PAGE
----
On the subject of the gearbox, 240Zs do seem to differ widely in this respect: some are notchy, stiff and a little vague, this one was positive and easy, and a little experience made the moves from second to third and fourth to fifth in the Alfa-type arrangement (5th up to the right) perfectly natural, without confusing 3rd and 5th. Some effort was needed to pull the lever out of 5th with the gearbox hot after fast motorway runs. The hydraulic clutch was surprisingly light. Following the gear-pattern sketch on the top of the knob would have caused some confusion, for the knob happened to be from an MG-B: the car was delivered to the dealer without one and the MG-B happened to be the only temporary substitute available.
True proof of the increased flexibility came from driving the Super Samuri through heavy London traffic: it trickled along quite happily at low revs, responded instantly when taking advantage of gaps in the traffic, the temperature stayed normal and the plugs refused to soot even after the engine had ticked over for long periods.
At the time of the fifth wheel performance testing the car had covered a mere 1,900 miles and it would be safe to assume that the performance would increase with a few thousand miles more under its belt. The 0-100 figure also requires comment in that on the day of the test, repairs were taking place on the straight at the test track, so that the 0-100 m.p.h. runs had to be completed into a curve. Again an improvement could be expected under perfect conditions.
The commendable performance was complemented by extremely good handling, marred only by some bump steer which, although it didn’t throw the car off line, proved a little tiring when driving hard. With power off the 240Z tended to understeer, but cornering correctly under power made it absolutely neutral. The rear suspension design was such that it proved almost impossible to disturb rear adhesion, except by flooring the throttle in the lower two gears on tight corners in the wet (in which conditions the wiper blades lifted off the screen at 100 m.p.h.). I prefer a little bit of oversteer to be provokable when required so the rear adhesion was almost too good. Traction was equally excellent, so good that I was convinced a limited slip differential was fitted, but not so. Ride was fairly firm, but tolerably comfortable, although the tail tended to leap about on bumpy roads. While the steering was heavy it was also extremely positive, which is what really counts.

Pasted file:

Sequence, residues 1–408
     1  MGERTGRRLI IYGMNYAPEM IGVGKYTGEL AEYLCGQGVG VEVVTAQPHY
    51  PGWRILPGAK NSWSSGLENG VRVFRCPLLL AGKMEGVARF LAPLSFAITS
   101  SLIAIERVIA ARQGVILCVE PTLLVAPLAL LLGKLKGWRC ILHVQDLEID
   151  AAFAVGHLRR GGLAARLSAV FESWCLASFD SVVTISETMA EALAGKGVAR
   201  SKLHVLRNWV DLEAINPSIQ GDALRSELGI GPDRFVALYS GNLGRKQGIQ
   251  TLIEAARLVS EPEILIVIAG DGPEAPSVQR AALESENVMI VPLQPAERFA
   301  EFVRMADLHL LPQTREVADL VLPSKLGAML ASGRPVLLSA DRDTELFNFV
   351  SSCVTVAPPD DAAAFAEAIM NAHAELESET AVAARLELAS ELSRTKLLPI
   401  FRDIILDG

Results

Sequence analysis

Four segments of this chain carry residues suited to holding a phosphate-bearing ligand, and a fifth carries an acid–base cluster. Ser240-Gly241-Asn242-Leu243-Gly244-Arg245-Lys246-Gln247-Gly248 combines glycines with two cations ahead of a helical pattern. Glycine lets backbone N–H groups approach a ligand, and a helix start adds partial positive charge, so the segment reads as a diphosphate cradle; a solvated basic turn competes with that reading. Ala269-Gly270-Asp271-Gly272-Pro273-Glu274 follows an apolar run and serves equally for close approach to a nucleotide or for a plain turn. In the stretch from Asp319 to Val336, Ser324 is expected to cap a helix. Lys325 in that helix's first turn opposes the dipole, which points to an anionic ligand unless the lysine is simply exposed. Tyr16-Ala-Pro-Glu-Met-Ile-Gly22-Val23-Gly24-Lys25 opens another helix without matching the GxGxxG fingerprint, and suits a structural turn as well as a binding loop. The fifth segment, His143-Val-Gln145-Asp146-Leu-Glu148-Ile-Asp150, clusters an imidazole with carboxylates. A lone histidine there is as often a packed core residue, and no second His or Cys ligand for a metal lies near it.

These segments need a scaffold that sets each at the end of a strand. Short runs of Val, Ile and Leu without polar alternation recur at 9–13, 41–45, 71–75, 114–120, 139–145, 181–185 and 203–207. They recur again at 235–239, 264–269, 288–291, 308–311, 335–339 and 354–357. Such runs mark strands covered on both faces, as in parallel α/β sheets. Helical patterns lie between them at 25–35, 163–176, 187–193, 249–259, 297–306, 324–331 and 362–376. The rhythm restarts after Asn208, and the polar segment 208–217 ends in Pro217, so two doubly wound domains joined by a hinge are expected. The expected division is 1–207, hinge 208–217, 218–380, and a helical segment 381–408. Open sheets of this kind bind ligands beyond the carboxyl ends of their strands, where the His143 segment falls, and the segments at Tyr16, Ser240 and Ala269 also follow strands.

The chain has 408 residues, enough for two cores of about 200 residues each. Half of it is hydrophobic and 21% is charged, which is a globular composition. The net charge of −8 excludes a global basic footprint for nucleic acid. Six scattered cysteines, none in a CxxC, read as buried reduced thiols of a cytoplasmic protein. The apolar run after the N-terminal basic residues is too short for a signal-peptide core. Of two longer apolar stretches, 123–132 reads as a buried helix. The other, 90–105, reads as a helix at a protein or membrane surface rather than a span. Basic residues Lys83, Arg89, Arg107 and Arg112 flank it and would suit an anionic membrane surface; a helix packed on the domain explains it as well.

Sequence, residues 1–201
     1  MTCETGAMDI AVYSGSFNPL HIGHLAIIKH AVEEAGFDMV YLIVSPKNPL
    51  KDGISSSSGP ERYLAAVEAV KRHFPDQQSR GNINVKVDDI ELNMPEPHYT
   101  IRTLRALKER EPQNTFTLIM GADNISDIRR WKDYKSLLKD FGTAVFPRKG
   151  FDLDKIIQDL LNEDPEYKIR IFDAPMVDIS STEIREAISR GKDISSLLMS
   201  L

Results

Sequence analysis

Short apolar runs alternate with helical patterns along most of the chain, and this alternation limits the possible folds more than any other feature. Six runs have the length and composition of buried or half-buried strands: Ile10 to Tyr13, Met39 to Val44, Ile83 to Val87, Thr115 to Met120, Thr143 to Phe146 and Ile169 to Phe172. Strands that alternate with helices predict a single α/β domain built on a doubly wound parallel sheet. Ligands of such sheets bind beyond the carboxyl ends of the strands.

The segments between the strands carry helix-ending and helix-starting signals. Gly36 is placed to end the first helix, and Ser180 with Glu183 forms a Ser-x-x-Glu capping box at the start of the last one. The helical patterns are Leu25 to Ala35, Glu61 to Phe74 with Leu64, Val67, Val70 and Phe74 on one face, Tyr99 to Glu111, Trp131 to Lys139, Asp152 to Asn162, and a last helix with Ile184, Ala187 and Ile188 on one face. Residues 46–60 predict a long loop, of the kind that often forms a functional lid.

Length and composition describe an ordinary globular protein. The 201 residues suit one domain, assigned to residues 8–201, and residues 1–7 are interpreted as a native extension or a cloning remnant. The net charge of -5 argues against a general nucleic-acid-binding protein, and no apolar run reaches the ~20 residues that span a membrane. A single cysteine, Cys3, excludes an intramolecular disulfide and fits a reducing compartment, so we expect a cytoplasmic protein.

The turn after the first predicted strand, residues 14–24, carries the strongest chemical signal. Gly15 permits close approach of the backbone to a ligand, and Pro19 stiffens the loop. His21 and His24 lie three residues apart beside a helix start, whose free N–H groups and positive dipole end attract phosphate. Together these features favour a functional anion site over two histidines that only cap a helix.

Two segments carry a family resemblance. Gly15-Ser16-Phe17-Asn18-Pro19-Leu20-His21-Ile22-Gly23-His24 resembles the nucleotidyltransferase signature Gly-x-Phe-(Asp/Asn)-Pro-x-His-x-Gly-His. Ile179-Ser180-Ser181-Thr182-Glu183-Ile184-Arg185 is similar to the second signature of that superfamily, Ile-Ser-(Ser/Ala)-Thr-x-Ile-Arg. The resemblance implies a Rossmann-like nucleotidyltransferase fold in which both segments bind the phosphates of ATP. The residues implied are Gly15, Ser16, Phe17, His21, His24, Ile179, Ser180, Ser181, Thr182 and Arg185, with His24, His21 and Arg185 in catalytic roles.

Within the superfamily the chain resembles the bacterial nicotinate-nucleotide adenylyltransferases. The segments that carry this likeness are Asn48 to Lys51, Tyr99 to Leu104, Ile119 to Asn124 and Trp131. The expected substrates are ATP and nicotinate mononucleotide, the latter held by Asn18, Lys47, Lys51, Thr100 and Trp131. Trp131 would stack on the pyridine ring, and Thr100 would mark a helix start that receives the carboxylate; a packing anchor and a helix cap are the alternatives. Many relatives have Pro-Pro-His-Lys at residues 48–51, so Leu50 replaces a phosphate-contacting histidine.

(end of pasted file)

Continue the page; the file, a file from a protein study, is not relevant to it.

Braking via the direct servo, twin-line system was much improved by the new brake material, but even so it was possible to fade them completely during extremes of repeated braking from very high speed. To perfect them would require comprehensive changes to front calipers and discs, though some sort of ducting through the front spoiler to aid cooling might help.
The Datsun 240Z in production form is an excellent and practical GT car with a good standard of appointment, which includes an efficient, if complicated to control, heating and ventilation system, considerable luggage space, heated rear screen, tinted glass, 5-speed gearbox and many other refinements which make it good value at its price. Spike Anderson’s Super Samuri shows that with moderate modifications it can be transformed into a sporting car almost as fast as and more practical than a Porsche or Dino at less than half the price.
(Standard car in brackets)
0-30 m.p.h. ………. 2.2 sec. (2.9)
0-40 m.p.h. ………. 3.3 sec. (4.6)
0-50 m.p.h. ………. 5.3 sec. (6.4)
0-60 m.p.h. ………. 7.0 sec. (8.1)
0-70 m.p.h. ………. 9.3 sec. (11.2)
0-80 m.p.h. ………. 11.5 sec. (14.4)
0-90 m.p.h. ………. 14.4 sec. (19.1)
0-100 m.p.h. …….. 19.2 sec. (24.0)
Standing 1/4-mile: 15.2 sec. (terminal speed 92 m.p.h.)
Speeds in gears: 1st, 42 m.p.h.; 2nd, 64 m.p.h.; 3rd, 94 m.p.h.; 4th, 124 m.p.h.; 5th, estimated 140 m.p.h. (125 m.p.h.)
Fuel consumption 16.4 to 20.0 m.p.g.